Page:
Carry on camping? You bet!
PUBLISHED: 11:29 14 June 2010 | UPDATED: 17:20 20 February 2013
I'll carry on camping – because someone's got to, says Jayne Lindill
Ill carry on camping because someones got to, says Jayne Lindill
I love camping. There, Ive said it. I know many of you will consider me strange and backward, but I also know there are many of you out there who will understand my passion for life under canvas or waterproofed polyester as it more often is nowadays.
The freedom, the fresh air, the abandonment of any sort of routine, the fact that its so different to the way I live my life the rest of the time. With no TV, no fighting for a car park, no airports and no queues, its the ultimate escape.
I especially love camping in Suffolk, partly because its possible to leave work, get to the campsite, have your tent erected, your airbed pumped up and still be ordering a pint of Adnams (or IPA depending on the location of your chosen campsite) in the local pub by 8pm with a whole weekend ahead of you.
Suffolks also a beautiful county with the right kind of weather for camping.
Our benign climate means the season is long and unless youre really unlucky and happen to be caught by a passing monsoon, youre unlikely to be completely washed out for your entire break. The only time thats ever happened to me was in la belle France honest.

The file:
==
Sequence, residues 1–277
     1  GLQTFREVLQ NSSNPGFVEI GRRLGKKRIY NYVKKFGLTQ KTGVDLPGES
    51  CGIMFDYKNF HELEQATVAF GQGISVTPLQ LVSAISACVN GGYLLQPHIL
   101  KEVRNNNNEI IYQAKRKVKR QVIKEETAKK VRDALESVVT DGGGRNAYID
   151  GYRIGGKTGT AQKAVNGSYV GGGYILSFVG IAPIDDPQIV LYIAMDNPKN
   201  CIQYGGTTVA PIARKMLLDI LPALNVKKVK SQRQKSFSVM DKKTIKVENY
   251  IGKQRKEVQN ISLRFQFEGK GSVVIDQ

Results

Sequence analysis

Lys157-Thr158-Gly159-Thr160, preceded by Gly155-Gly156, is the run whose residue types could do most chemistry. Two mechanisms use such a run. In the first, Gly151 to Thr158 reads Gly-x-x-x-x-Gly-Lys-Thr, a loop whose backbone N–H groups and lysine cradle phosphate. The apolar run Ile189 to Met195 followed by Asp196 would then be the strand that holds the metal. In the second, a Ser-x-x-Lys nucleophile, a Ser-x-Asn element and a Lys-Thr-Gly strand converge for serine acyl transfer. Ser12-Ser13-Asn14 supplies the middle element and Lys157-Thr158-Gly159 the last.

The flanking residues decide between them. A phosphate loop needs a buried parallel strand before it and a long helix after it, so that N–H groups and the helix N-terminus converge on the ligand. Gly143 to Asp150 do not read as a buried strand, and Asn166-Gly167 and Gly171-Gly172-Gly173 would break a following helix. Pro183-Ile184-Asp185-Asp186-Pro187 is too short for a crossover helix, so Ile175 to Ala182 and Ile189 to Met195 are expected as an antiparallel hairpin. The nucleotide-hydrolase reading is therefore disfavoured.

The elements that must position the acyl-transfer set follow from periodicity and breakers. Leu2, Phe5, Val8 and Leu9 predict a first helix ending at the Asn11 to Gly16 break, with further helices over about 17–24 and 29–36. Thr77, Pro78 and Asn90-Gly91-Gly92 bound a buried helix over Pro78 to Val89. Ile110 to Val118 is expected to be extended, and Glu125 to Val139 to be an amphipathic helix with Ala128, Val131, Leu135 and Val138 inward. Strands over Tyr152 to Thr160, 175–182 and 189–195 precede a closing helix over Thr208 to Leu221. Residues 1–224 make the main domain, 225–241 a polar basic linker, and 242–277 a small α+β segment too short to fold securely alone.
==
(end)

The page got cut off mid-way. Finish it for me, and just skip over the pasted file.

Watching the sun come up off the Suffolk coast is one of those things everyone should do in their life
Its also flat and soft, which is important. I once camped in Scotland, where there were lots of hills and rocks. After a couple of days I had no straight tent pegs left. On the journey home I stopped off in the Lake District and grabbed the only pitch left on the only campsite available (or so it seemed). It was at the bottom of a hill and that night it rained... and rained... and rained. I woke up in the middle of a lake that wasnt there when I went to bed the night before.
Ive camped in several other parts of the world and they all have their drawbacks Australia (flies, snakes, spiders, scorpions, thieving possums), New Zealand (rain days of it, in fact), France (dodgy toilets), Italy (campsites so large they could pass for small towns, complete with rival football teams).
But Suffolk has it all beautiful countryside, great walks, superb pubs, friendly folk and room to move.
Two favourite spots are Staverton, near
Woodbridge, and Sizewell (yes, really).
The site at Staverton is set in its own woodlands, which team with wildlife. Its also close to Tunstall Forest theres nothing like a peaceful forest walk to really help you unwind and within reach of the Butley Oyster pub and the Froize Inn at Chillesford.
Sizewell is a brilliant place to camp if only for the reaction you get from other people when you tell them thats where youre planning to spend your weekend.
True, the Cliff House Camping and Caravan Park is perched above the sand dunes and shingle right next door to the power station, but youd never know, mainly because you spend most of your time gazing out to sea.
I love the cliff top walk to Thorpeness and Aldeburgh in one direction and the beach and forest walk to Walberswick in the other.
Watching the sun come up off the Suffolk coast is one of those things everyone should do in their life and if it gets a bit windy it just reminds you how really wild and wonderful our unique coastal habits is.
Its this closeness to nature that makes camping so irresistible waking to the sound of birdsong, breakfast in the great outdoors, watching a sunset and talking into the wee small hours beneath the night sky.